Here's Why Masturbation Counts As Meditation, Even If You Don't Climax, According To Experts
Solo sex isn’t talked about enough for a number of reasons — some of them valid, some of them ridiculous. Not everyone is comfortable discussing masturbation, and that’s OK, but many people grow up thinking that exploring their sexuality in this way is some form of taboo, and that’s not OK. There is absolutely no shame in finding what feels good, or loving on yourself if that’s what you’re into. In fact, some experts would argue that masturbation counts as meditation, something to practice not just with the intention to climax, but also with the resolution to relax and get to know your body on a deeper level. There’s nothing taboo about that, if you ask me, but there are a ton of health benefits you can reap from it, if you’re interested.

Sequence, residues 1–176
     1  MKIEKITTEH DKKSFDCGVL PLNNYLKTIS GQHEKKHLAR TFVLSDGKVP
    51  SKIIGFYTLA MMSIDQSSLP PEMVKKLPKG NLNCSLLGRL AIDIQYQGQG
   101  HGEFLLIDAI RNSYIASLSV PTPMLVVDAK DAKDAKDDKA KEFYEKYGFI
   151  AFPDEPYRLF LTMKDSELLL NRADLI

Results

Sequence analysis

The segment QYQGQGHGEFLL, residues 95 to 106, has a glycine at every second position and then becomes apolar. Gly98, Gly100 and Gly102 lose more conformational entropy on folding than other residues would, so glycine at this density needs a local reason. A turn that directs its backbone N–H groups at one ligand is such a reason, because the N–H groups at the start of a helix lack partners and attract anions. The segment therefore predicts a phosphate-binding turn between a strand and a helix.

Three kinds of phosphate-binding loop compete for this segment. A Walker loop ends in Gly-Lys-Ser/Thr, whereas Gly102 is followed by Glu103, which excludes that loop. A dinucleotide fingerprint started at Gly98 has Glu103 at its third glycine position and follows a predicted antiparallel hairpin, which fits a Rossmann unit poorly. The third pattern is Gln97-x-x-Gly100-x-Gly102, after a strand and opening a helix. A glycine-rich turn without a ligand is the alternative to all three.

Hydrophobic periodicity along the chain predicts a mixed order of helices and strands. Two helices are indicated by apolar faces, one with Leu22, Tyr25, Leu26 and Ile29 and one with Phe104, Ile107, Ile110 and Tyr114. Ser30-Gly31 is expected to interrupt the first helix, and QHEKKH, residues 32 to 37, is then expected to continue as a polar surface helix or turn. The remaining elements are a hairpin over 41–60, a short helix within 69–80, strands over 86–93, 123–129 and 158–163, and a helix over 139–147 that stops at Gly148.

Now that I have your attention, before diving into the concept of masturbation as meditation, it’s important to note that, lately, meditation has become a kind of catch-all phrase that encompasses any activity to calm your mind by focusing on your breathing, an inspirational mantra, or “some other object of our attention,” Patricia Karpas, co-founder of Meditation Studio and head of content for Muse and Meditation Studio, told Elite Daily back in December 2018.
In other words, when you think of meditation, you might automatically envision complete stillness, someone sitting cross-legged on a yoga mat with their hands resting on the thighs, clothed in designer athleisure pants. But this is just one version of meditation; mindfulness can come from jogging at a steady pace, or writing in a notebook, and yes, masturbation can be a form of meditation, too.